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But in the morning a deep silence hung over the farmhouse. Not a pig appeared to be stirring. It was nearly nine o'clock when Squealer made his appearance, walking slowly and dejectedly, his eyes dull, his tail hanging limply behind him, and with every appearance of being seriously ill. He called the animals together and told them that he had a terrible piece of news to impart. Comrade Napoleon was dying! (8.37)
Put away the mourning gear: Napoleon isn't actually dying. He's just foolish enough to think that having a little hangover means he's got one hoof in the grave. (On second though, we totally sympathize. Let that be a lesson, Shmoopers.)
One day in early summer Squealer ordered the sheep to follow him, and led them out to a piece of waste ground at the other end of the farm, which had become overgrown with birch saplings. The sheep spent the whole day there browsing at the leaves under Squealer's supervision. In the evening he returned to the farmhouse himself, but, as it was warm weather, told the sheep to stay where they were. It ended by their remaining there for a whole week, during which time the other animals saw nothing of them. Squealer was with them for the greater part of every day. He was, he said, teaching them to sing a new song, for which privacy was needed. (10.8)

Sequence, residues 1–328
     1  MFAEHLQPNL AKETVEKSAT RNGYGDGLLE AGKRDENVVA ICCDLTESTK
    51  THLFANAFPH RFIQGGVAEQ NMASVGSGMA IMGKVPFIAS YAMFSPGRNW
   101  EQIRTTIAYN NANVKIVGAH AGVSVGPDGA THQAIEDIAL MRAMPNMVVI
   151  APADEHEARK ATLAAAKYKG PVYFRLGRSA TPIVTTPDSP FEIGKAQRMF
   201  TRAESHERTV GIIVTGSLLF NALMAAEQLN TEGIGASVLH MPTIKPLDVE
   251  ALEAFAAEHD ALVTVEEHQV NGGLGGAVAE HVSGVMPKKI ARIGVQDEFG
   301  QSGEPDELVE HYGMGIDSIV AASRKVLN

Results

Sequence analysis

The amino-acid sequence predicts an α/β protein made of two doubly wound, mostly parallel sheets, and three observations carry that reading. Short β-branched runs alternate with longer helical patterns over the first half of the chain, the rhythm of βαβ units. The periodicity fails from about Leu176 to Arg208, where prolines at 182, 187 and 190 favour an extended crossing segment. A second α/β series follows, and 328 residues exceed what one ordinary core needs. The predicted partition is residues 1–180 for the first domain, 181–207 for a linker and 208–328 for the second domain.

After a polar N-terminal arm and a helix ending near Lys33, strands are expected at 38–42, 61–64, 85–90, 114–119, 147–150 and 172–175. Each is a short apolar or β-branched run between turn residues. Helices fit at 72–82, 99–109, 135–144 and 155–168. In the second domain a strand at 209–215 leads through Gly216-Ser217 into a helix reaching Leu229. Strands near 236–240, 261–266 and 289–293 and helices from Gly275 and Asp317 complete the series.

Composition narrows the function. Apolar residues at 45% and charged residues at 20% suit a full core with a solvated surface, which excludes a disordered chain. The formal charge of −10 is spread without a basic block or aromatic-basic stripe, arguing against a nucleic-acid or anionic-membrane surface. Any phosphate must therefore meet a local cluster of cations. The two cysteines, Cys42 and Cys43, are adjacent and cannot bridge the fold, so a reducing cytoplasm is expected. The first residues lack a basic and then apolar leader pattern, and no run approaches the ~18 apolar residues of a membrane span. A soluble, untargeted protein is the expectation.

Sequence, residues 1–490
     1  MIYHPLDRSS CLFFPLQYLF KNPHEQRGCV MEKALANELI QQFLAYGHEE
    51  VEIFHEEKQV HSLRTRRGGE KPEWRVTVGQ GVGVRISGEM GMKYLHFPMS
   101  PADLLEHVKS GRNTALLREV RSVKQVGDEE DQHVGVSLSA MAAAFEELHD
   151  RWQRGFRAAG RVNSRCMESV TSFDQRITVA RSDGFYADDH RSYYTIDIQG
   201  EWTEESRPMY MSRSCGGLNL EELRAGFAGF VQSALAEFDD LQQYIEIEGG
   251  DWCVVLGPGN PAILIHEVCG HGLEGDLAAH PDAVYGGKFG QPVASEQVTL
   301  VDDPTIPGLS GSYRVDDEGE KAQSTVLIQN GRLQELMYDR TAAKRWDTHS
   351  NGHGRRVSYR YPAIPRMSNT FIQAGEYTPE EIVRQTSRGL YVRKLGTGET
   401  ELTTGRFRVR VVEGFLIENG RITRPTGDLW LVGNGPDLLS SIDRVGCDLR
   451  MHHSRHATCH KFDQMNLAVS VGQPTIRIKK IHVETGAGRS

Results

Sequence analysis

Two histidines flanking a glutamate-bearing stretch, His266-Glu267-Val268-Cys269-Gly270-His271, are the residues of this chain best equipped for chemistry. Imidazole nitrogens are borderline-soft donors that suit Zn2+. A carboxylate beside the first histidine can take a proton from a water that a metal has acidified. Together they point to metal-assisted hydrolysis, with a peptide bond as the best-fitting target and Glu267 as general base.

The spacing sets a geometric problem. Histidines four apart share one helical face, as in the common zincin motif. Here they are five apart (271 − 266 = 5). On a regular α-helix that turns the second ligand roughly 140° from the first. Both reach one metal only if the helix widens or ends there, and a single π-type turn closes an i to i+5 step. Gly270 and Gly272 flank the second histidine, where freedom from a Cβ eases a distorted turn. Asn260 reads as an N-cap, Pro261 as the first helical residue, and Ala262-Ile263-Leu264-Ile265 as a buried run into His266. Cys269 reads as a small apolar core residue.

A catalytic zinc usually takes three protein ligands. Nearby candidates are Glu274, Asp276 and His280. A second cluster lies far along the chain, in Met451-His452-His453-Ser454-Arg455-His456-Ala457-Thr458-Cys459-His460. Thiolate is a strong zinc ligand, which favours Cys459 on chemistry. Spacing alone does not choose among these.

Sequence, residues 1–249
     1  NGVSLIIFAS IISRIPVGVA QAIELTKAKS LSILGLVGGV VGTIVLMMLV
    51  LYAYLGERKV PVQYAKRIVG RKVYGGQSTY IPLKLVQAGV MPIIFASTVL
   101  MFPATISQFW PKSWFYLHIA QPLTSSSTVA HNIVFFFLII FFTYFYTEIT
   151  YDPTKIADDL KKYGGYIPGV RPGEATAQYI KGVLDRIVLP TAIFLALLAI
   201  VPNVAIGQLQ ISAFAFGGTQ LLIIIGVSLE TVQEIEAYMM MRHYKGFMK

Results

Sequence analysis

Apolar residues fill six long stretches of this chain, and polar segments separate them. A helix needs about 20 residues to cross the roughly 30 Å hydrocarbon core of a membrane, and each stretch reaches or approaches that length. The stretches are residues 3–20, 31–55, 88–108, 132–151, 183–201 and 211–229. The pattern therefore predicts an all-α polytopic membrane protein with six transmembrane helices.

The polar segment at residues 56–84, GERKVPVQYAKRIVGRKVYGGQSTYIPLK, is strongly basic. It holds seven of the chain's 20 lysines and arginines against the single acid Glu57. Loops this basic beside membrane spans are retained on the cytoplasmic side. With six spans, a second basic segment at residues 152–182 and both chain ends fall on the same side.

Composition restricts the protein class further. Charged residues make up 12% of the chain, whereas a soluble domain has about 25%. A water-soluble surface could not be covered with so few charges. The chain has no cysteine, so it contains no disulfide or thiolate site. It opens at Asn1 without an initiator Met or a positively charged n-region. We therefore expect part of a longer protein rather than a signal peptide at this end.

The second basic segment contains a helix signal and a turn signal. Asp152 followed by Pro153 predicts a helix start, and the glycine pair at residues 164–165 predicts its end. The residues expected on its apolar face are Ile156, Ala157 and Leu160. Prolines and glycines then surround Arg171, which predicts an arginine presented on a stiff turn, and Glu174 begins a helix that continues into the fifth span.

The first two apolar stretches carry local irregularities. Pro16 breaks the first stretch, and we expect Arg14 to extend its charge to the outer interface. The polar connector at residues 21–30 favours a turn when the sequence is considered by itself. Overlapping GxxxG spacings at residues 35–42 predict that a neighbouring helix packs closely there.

Not a new song—a new motto. After bleating "four legs good, two legs bad" over and over, no wonder it takes them a whole week to learn a new phrase—even if only one word is different.
It had come to his knowledge, he said, that a foolish and wicked rumour had been circulated at the time of Boxer's removal. Some of the animals had noticed that the van which took Boxer away was marked "Horse Slaughterer," and had actually jumped to the conclusion that Boxer was being sent to the knacker's. It was almost unbelievable, said Squealer, that any animal could be so stupid. Surely, he cried indignantly, whisking his tail and skipping from side to side, surely they knew their beloved Leader, Comrade Napoleon, better than that? But the explanation was really very simple. The van had previously been the property of the knacker, and had been bought by the veterinary surgeon, who had not yet painted the old name out. That was how the mistake had arisen. (9.28)
How ironic: the one time the animals are actually being smart—by noticing that the van is painted with "Horse Slaughterer"—Squealer actually tries to convince them that they're being stupid. Apparently, he succeeds.